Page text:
The Critics Corner | Albums

VHS Sound matures and moves forward in strong, solid sophomore effort
Alan HopAlbum name: VHS
Label: KIDinaKORNER/Interscope
Release Date: June 30, 2015
Rating: -- 3.25 out of 5

Review written by: Alan Ho
Pop-rockers X Ambassadors crashed right on to the top of the scene back in 2015 with their breakout debut album VHS. They brought a sound we described as Imagine Dragons meets OneRepublic meets Maroon 5 and boy what a sound. Radio charts, TV shows, movies later, we now fast forward to 2019, which in today's music world is an eternity. But they didn't rest on their laurels, they helped out others with their music, from producing this year's breakout artist Lizzo on her debut album and frontman Sam Harris put on his Tedder-like cap and wrote some really good songs himself for others.

So what does X Ambassadors have for their own creative juices in 2019? Turns out in between helping out others, they still found time to do their own thing and we now have their sophomore release Orion! And in this early listen, the group has not missed a beat and even picked up a few things along the way!

One of the issues with VHS was that the sound sometimes fell off the tracks and sounded too chaotic and loud. Four years later, the group has learned from some of the flaws of VHS (it's why we gave it a 4.0 out of 5, easily could have been 4.5-4.8). The album opens on a strong note with "Hey Child," a catchy and infectious booming rocker that just hits the right amount of boom and the right amount of Sam Harris' always strong vocals and songwriting.

"Confidence" features rising singer-songwriter K. Flay and she fits nicely into the R&B/soul infused track while Harris brings a The Script-like vocal delivery and cadence; simply put, a vocal masterpiece combined with some superior musicianship. This would have been a track in the past that might have gotten too cluttered, but four years later, "Confidence" has a wonderful layering of sounds and proves keeping it clean and simpler makes for a more powerful statement.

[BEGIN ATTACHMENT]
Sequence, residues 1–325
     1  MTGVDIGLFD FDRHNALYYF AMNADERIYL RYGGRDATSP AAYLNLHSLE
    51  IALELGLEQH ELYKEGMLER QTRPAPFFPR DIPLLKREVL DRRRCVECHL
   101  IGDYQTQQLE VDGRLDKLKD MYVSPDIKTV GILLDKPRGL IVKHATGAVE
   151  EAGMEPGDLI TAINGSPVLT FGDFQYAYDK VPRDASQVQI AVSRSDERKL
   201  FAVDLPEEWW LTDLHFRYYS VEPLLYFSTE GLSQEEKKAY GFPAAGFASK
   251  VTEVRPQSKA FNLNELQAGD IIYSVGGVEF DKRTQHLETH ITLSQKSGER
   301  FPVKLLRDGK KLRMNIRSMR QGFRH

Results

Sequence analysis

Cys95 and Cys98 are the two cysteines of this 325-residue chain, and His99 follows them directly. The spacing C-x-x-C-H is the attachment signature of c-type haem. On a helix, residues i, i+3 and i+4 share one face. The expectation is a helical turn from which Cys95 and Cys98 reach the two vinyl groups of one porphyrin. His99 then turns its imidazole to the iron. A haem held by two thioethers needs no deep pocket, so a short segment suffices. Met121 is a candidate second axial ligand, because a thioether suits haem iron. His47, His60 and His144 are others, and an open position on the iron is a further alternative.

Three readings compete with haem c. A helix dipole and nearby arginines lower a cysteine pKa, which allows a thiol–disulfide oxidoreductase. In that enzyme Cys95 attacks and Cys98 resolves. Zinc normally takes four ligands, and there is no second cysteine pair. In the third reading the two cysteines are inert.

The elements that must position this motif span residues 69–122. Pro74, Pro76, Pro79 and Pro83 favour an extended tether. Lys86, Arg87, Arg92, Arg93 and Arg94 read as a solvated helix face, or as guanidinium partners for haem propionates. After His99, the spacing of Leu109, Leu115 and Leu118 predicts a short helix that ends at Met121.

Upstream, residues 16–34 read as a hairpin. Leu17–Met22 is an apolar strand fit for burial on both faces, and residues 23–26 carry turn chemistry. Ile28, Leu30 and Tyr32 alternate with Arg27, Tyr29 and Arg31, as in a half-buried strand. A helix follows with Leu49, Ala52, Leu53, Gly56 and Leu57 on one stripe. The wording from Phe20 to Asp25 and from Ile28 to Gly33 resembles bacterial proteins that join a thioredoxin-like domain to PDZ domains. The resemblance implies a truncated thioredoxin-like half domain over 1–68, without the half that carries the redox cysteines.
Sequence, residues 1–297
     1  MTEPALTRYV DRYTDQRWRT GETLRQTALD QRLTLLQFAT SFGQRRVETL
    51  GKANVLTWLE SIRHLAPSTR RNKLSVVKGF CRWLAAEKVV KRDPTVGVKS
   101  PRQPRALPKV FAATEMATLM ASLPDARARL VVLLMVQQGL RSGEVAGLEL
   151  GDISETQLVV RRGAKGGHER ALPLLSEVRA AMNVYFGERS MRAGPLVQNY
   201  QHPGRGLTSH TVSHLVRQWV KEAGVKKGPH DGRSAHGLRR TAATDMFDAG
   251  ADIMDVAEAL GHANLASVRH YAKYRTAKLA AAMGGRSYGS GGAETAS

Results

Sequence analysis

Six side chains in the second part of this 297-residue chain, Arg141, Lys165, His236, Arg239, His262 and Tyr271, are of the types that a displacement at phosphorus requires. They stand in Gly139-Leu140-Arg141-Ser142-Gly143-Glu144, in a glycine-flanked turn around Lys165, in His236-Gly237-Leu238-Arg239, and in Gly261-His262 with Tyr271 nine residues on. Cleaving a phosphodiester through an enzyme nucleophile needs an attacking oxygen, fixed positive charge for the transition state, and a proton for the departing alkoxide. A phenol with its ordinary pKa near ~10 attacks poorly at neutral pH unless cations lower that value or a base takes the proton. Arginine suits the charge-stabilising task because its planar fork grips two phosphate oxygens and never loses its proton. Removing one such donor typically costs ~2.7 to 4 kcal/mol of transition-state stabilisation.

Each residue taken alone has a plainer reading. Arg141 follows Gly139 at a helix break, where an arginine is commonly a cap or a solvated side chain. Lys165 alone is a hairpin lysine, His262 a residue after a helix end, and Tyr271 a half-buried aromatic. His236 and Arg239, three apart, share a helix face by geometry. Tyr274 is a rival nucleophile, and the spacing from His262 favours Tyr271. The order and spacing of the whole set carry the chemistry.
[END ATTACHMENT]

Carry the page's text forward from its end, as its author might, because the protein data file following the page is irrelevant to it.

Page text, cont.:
X Ambassadors proves right here in "Quicksand" that they can indeed get real with imagery, a trend in pop/rock music these days. The song opens with:
Momma don’t sleep well
She worried ‘bout the kids all night
And the kids don’t eat well
They worry ‘bout momma so they hustle on the side
Daddy’s working three jobs
The sweat keeps dripping in the Buffalo sunshine
So he drives that car
Promises someday momma we will be alright

Very powerful lyrics accented by an equally understated but punchy musicianship highlighting real life. "Quicksand" drives its real life point home with this refrain:
And I’ll be fine
I’ll get my feet on solid ground
Sometimes it feels like quicksand
Quicksand’s pulling me down, down, down

"Boom" has an opening line that will have you play it over and over and over in your head; it's an infectious breakup song once you go past the opening line, which might as well end up in a future Mazda commercial.

For those who like the seeming neediness from "Gorgeous," you now get the equally feeling from "Rule." "Rule" trades in the perfect punchiness from the aforementioned with a smoke-filled ivory touching with some hynoptic syncopated beats and Harris' ever present falsetto that gives the song the neediness it oozes; perfection hits it once again. You want good old fashioned acoustic goodness? That is in the form of "History" as it showcases Harris' immense vocal abilities through a surprisingly biting breakup piece. Lyrics like "Looked in your eyes as you lie right to my face/See through your disguise and yet I still take the bait/Used to be you and me, comrades in arms side-by-side/And I got love for you babe, but love ain’t enough this time" and its equally biting refrain are delivered in punchy, powerful fashion, you might even shed a tear or two."

But then like VHS, Orion falls off the rails a bit, but not as bad as the aforementioned. "Recover," "Wasteland" and "Shadow" all feel like filler, nothing too spectacular, nothing too daring. But after the preceding tracks, it felt like a major letdown. But then the confessional, intimate "I Don't Know How to Pray" comes around and they are back on track. The song features Harris essentially on the floor of a bathroom pleading and shouting to Heaven; it's very chilling and even more so as it features snippets of chatting with his brother and bassist Casey, who has Senior-Loken syndrome and left him with visual impairment and kidney issues but soldiers on.

Ending the album is "Hold Me Down," a song about enduring love and delivers in perfect harmony the entire X Ambassadors experience; the strong vocals, the crashing electronica, the handclaps, the explosive buildups and the contemplative moments. A wonderful coda to a solid sophomore effort.

What's the overall feeling to Orion? This album showcases the maturation and evolving process of their sound. They may have found right person to man the boards and cultivate their sound, Ricky Reed, who also produced the debut album from breakout act Lizzo. He found a way to strip the band's sound, create a relatively more quiet and tighter sound throughout and for the most part cut out the clutter that happened in VHS. But old habits still die hard as evidenced by the still somewhat noisy "Recover" and fillers like "Wasteland" and "Shadow." Those three tracks aside, Orion represents a huge step forward for these brothers and cannot wait to see what they deliver down the road.
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